Last week, the Khyber Pakhtunkhwa Assembly passed an amendment in the Khyber Pakhtunkhwa Minerals Sector Governance Act 2017 without any debate. This moved triggered controversy as it appeared that the government had taken ownership of the mines in the newly merged districts of the province.
KP’s Minister for Mines and Minerals Development Dr Amjad Ali tabled a bill titled Khyber Pakhtunkhwa Minerals Sector Governance (Amendment) Act 2019 and on the same day, it passed in the House without any debate.
Opposition members rejected the move and protested against it, but taking the advantage of its numbers in the assembly, the Pakistan Tehreek-e-Insaf (PTI) easily passed the bill in the House.
Opposition members said the bill was not on the agenda items set for the sitting and was later included through a supplementary agenda distributed by the assembly staff during the proceedings.
Opposition members maintained that they had not read the bill and had no idea what was in it. “Why are you passing the bill in haste?” asked Jamaat-e-Islami lawmaker and former local government minister Inayatullah Khan.
Law Minister Sultan Muhammad Khan said that the bill was needed in public interest. He quoted a rule of the assembly that grants permission to introduce a bill and pass it on the same day.
The next day media reported that the government had taken ownership of the mines and minerals in the tribal districts.
Government representatives including the law minister, the minister for mines and minerals development and Advisor to Chief Minister on Merged Districts Ajmal Wazir held a joint presser refuting these reports. They said these reports were propaganda against the government and had twisted the facts.
Qaumi Watan Party leader Sikandar Khan Sherpao has announced an All Parties Conference on the issue
What is a fact is the inclusion of Section 2-A in the main law through which the government has seized ownership of mines and minerals in the province. Section 2-A defines ownership of minerals and states, “notwithstanding to contrary contained in any other law, or in any order or decree of court or other authority or in any rule of custom or usage or in any contract, instrument, deeds or other document, all mines and minerals shall always be deemed to have been the property of the government and the government shall have all powers necessary for the proper enjoyment of its right thereto.”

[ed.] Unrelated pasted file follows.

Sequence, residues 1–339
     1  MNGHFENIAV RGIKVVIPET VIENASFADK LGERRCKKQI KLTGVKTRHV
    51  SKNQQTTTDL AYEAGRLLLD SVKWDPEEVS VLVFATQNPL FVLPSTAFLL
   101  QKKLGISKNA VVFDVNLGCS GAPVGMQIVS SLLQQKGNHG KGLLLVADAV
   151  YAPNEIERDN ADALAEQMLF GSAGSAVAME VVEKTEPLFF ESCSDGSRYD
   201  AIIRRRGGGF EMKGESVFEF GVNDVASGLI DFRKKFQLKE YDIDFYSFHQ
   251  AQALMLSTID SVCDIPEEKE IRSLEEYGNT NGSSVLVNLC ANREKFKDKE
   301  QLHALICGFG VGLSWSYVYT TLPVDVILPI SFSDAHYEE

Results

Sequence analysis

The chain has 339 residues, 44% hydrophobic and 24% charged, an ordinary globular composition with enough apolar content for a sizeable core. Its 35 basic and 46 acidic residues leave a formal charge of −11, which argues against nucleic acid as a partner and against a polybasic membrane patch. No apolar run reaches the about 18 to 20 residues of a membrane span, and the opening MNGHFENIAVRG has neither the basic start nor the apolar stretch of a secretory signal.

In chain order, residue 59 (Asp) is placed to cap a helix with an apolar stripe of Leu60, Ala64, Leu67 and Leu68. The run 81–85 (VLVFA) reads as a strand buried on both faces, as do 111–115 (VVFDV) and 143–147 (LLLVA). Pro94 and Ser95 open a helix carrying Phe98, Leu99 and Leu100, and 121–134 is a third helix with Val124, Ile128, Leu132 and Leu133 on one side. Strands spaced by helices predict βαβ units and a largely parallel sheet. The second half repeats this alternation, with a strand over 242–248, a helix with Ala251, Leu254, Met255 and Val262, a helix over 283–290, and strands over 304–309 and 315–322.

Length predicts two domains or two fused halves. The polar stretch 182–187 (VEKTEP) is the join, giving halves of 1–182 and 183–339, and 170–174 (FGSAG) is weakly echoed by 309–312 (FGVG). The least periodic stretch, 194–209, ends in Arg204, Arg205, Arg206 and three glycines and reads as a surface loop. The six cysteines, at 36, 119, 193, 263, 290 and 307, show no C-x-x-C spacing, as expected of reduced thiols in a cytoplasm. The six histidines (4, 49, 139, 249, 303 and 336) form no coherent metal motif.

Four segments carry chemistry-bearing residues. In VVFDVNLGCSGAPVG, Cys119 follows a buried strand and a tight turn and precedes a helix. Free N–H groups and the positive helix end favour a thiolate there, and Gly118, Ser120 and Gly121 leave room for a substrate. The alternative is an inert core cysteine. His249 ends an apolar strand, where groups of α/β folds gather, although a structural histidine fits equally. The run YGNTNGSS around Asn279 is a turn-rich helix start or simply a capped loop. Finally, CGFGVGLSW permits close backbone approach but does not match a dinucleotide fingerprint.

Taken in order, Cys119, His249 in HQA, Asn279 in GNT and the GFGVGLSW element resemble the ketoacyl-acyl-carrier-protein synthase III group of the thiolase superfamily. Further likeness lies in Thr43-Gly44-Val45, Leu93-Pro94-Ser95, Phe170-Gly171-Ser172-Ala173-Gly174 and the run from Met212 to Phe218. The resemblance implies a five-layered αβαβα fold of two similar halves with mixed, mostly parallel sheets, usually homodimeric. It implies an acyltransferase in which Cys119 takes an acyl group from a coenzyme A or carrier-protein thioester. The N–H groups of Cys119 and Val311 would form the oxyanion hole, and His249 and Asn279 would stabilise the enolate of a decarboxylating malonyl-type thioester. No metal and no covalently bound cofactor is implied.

The government has, however, added a Schedule VIII to the main law through the amendment bill, under which special provisions have been given for a period of 10 years and the existing leases and licenses in the tribal districts for mining have been given exemption.
The schedule states that priority for grant of mineral titles will be given to local communities who owned and possessed lands having minerals. A local can obtain the mineral title of the land with the consent of the community who owned the land. These provisions will be in effect for 10 years.
Since Section 2-A clearly states that the ownership of minerals and mines will be the right of the government, it means that ownership from the tribes has been taken over.
An official of the KP Law Department told The Friday Times that they only vetted the bill and they did not know why the government had rushed to pass the bill in a single day. “Our job was just to vet it,” said officials. They said that the mines and minerals were owned by the federal government and after the merger, liabilities and assets were being transferred to KP.
The KP mines and minerals development department secretary Nazar Hussain Shah said that there was no mala fide intention behind the amendments. “We have kept the existing system of leasing for another 10 years so that the community may get benefit from the mines and minerals for a full decade,” he said. He said Schedule-VIII was included in the law to give economic benefits to local tribes.
To a question regarding the future of the law after the completion of 10 years, he said, “the law is not a divine document and can be altered if the people of the tribal districts object to it.”
Regarding the difference between the leasing system in the settled districts and the erstwhile FATA, he said that leases and titles were awarded in Jalsa-e-Aam with the consent of the community who claimed ownership of the mines.
Opposition parties are against the decision and the Qaumi Watan Party leader Sikandar Khan Sherpao has announced an All Parties Conference on the issue. He is also expected to launch a campaign against it. Opposition parties allege that the government is trying to make legal way for big names to secure leases in ex-FATA.
The law has been challenged in Peshawar High Court by advocate Fazal Khan who told The Friday Times that the government has passed the law without giving it to its own members in the assembly for reading. “The government will violate fundamental rights of the people and those who get leases in the area would affect the sanctity of the Hujrah and Community,” said Fazal Khan. He added that the people of tribal districts were weary of war and the only source of income for them was mines and minerals which would be given to big firms from other provinces.
“You should develop these areas before taking over their source of income,” he said.
The writer is a journalist based in Peshawar